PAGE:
A method for valuing global ecosystem services

A method for valuing global ecosystem services

Ecological Economics 27 (1998) 161 – 170 METHODS A method for valuing global ecosystem services Anne M. Alexander a,*, John A. List b, Michael Margo...

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Ecological Economics 27 (1998) 161 – 170


A method for valuing global ecosystem services Anne M. Alexander a,*, John A. List b, Michael Margolis a, Ralph C. d’Arge a a

Department of Economics and Finance, Uni6ersity of Wyoming, Laramie, WY 82071 -3985, USA b Department of Economics, Uni6ersity of Central Florida, Orlando, FL 32816 -1400, USA

Received 6 January 1997; received in revised form 22 September 1997; accepted 13 November 1997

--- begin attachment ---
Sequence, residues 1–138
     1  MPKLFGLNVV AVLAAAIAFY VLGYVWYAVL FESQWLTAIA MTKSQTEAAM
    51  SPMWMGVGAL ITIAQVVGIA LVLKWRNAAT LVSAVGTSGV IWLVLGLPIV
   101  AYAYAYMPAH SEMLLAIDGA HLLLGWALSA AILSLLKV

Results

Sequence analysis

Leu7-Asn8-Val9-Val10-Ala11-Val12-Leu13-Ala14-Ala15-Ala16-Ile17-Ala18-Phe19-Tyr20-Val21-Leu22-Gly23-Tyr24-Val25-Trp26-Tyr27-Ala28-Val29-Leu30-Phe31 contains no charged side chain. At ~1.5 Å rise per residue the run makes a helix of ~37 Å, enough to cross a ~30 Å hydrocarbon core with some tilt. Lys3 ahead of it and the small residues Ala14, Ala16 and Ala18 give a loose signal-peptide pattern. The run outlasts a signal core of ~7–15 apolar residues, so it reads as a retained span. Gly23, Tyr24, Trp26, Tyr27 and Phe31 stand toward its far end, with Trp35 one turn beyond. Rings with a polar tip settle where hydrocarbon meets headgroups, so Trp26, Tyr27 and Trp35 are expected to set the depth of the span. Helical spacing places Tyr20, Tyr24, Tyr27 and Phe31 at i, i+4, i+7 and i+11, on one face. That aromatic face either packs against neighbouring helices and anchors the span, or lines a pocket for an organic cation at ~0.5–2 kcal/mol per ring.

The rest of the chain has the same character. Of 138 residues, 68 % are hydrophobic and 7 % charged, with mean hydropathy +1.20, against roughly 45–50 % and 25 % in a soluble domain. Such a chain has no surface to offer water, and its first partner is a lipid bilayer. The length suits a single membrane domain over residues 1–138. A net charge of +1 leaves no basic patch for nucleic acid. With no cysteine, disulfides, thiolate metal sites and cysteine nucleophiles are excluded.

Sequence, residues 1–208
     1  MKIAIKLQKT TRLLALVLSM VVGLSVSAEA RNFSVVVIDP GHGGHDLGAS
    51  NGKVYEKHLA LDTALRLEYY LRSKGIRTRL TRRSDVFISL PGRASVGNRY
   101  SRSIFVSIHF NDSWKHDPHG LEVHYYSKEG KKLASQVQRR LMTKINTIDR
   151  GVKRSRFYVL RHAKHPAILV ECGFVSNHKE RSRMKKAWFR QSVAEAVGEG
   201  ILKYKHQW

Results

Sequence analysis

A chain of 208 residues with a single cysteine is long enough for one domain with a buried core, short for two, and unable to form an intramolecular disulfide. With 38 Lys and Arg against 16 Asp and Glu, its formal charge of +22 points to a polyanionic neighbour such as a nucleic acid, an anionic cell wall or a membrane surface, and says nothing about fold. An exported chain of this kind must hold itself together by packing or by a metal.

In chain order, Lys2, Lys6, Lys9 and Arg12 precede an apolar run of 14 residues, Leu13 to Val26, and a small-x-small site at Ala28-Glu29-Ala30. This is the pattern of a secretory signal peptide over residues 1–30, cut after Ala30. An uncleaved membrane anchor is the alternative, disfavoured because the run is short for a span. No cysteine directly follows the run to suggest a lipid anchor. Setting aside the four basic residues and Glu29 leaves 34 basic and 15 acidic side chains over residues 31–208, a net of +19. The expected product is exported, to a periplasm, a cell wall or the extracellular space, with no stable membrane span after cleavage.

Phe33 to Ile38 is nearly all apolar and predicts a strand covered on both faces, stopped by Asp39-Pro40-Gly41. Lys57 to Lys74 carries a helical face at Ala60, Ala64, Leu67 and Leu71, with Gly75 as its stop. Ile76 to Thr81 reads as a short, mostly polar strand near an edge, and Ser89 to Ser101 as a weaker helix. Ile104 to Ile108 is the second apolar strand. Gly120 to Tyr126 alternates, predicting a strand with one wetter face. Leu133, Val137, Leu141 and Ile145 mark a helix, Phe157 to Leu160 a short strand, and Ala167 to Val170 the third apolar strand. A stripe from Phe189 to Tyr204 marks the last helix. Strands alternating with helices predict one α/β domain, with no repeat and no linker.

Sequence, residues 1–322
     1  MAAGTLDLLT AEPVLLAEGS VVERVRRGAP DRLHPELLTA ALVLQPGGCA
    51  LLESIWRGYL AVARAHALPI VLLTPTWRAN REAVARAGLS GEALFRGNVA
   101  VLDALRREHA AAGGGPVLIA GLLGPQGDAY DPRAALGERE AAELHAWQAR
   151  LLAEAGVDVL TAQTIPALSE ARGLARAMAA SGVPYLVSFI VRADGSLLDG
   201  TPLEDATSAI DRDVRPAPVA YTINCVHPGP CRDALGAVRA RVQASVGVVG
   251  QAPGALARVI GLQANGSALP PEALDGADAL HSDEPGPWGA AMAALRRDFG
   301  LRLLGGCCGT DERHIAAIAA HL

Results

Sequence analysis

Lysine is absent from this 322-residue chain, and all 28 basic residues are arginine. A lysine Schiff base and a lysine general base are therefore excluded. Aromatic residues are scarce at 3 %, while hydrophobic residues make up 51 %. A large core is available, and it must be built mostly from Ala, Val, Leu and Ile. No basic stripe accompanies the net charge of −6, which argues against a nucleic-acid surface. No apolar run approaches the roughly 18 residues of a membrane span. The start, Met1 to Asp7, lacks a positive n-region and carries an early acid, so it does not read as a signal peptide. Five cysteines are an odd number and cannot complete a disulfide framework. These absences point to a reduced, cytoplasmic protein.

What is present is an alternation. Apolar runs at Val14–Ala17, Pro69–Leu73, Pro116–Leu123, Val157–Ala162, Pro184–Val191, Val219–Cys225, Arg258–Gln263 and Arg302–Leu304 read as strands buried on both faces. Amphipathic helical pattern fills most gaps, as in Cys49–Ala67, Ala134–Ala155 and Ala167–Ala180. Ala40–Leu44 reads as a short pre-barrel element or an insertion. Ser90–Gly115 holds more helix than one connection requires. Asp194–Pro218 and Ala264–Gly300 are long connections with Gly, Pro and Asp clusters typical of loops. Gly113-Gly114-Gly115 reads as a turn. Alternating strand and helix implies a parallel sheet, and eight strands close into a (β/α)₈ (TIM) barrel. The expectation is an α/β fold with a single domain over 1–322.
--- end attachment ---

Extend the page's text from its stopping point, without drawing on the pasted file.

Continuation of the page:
Abstract The goal of this paper is to provide an investigation of several approaches to valuing ecosystem services and to contribute additional techniques which may be used in evaluating ‘green’ GDP accounts. Our estimates focus on the ecosystem as a productive economic input, not a stock which is depreciated or depleted over time; as such, it differs with other concepts more frequently employed in green GDP accounting. Most of our results are derived from the analytical fiction that a single owner of the biosphere establishes a market for all ecological resources. This monopolist then appropriates all rents from the human population. The maximum amount the monopolist charges is first assumed to be world gross product less the global human subsistence level. In addition, we examine the excess rents available in factor markets using the assumption of weak complementarity between factor inputs and ecosystem services. We also provide more conservative estimates of the value of ecosystem services by investigating the sustainable price the monopolist could charge the global population and by exploring the effects of compensating wage differentials and a non-monopolist owner of the ecosystem. © 1998 Elsevier Science B.V. All rights reserved. Keywords: Ecosystem services; Monopolist; Excess rents; Maximum surplus; Weak complementarity